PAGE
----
A business method in accordance with at least one embodiment of the present invention includes a vehicle that is an operating company in the ordinary sense that optionally includes one or more features of a venture fund.

In accordance with at least one embodiment the business methods described herein have the flexibility to employ the optimum commercialization vehicle such as but not limited to venture startup, licensing, contract research and the like, as appropriate, for the particular technology and the operating metrics and/or requirements at a given time. Those skilled in the art will recognize the appropriate vehicle(s) to employ under a given set of metrics and/or circumstances.

In accordance with one or more embodiments, the present inventive methods may include providing a fund of capital to preseed fund projects and/or ventures (“P&V”) to develop technologies to the stage of institutional investment or industry collaborations or transactions and to generate early cash returns such as but not limited to licensing fees, fees from customer funded research and fees from providing services to industry.

In another embodiment the present invention may include providing a fund with funding commitments from large investors to be drawn down as capital investment requirements arise; cash generation from fee income; and/or licensing fees and liquidity events attributable to P&V financed with commitment drawdowns from investors flowing to operating returns to generate cash. The company may retain cash for further investment or to support operating expenses or make distributions to its investors. As the last of the commitments are drawn down upon, the company will have generated and accumulated sufficient cash to fund further P&V while at the same time distributing cash to investors as P&V achieve liquidity.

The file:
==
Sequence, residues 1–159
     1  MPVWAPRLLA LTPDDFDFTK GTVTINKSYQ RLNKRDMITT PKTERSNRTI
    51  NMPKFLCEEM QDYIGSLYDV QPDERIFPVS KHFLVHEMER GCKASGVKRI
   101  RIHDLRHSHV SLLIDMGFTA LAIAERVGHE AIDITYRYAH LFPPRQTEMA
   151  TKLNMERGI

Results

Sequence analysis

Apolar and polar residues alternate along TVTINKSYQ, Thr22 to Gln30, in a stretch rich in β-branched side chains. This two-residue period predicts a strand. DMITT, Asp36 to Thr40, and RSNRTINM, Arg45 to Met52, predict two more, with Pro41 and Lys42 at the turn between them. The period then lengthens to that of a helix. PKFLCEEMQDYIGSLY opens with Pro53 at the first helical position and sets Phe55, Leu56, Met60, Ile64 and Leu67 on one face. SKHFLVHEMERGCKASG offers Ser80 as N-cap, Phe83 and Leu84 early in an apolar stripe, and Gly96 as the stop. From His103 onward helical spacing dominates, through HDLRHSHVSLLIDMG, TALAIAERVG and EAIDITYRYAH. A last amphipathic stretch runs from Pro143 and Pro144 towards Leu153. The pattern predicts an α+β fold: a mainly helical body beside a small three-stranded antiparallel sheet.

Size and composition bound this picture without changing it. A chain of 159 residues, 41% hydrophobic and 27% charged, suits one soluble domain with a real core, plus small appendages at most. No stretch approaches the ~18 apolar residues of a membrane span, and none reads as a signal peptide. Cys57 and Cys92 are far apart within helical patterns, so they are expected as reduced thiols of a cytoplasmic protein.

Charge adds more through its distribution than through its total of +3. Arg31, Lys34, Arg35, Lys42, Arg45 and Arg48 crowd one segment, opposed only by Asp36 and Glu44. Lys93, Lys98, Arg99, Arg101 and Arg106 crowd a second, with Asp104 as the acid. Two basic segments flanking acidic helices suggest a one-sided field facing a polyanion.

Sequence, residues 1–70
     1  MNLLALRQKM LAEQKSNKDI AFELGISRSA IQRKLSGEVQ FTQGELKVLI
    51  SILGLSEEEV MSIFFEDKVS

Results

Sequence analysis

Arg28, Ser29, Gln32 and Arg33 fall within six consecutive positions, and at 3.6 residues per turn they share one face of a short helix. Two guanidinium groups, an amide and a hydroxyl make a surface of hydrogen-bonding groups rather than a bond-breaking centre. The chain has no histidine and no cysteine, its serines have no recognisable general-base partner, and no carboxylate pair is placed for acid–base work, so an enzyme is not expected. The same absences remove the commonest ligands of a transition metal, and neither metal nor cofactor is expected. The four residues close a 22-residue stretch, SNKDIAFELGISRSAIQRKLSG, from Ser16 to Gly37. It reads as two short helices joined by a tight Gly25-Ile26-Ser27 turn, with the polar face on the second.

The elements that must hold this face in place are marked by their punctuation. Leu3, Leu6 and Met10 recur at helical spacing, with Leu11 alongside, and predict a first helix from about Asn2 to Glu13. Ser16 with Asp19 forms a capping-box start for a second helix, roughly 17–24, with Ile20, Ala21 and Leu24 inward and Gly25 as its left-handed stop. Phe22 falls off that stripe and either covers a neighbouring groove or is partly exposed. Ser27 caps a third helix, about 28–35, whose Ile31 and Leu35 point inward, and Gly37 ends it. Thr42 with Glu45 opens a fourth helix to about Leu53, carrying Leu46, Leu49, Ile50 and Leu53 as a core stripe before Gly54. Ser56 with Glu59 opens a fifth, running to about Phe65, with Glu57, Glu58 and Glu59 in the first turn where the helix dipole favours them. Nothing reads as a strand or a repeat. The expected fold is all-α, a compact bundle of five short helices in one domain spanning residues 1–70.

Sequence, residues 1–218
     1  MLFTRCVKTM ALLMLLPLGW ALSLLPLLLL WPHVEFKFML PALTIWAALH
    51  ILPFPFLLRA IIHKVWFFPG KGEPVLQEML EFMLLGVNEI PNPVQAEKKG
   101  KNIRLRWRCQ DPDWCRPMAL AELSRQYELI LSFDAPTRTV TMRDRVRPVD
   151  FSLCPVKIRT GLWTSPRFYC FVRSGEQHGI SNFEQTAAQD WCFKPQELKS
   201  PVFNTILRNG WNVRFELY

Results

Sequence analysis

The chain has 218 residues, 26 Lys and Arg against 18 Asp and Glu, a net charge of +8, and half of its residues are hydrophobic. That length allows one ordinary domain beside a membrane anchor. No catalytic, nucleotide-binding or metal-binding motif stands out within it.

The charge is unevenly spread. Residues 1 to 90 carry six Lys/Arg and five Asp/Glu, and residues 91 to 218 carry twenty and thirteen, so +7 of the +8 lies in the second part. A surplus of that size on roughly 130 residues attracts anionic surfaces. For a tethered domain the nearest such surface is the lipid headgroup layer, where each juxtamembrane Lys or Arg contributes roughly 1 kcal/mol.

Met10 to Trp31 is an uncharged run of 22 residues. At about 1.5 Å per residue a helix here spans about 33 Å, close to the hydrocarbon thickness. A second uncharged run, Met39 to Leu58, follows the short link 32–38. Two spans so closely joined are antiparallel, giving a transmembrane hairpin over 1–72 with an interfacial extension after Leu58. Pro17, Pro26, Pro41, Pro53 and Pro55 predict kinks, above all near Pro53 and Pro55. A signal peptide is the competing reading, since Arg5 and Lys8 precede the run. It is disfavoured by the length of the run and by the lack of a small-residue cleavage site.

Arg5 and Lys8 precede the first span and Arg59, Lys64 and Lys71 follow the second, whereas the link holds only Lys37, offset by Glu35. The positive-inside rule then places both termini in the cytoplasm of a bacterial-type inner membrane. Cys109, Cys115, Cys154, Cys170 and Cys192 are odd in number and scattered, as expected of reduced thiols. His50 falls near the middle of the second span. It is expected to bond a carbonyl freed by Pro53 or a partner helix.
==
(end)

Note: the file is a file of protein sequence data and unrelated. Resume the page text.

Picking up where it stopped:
As used herein “liquidity” is defined as the availability to convert an asset to cash and can come at various stages of a P&V for example, from inception such as in the case of contract research, where there is for example a fee for service, a license with up front fees, or the like; or the achievement of liquidity events such as initial public offerings, trade sales (e.g., in the case of venture companies) or the like.

In further embodiments, the company continues to generate cash to pay back to investors the full amount of investment capital, and, as more projects and ventures reach liquidity, investors continue to receive cash distributions and realize capital appreciation by virtue of the reinvestment of returns in new projects/ventures.

In a further embodiment, additional institutions that want to participate in the cash-generating engine pay increasing fees for inclusion as successes mount to the company. These fees are reflected in the company's operating income. The company grows as more institutions sign up such as but not limited to by membership or subscription fee to join in the robust commercialization scheme which is protected from copying by this patent.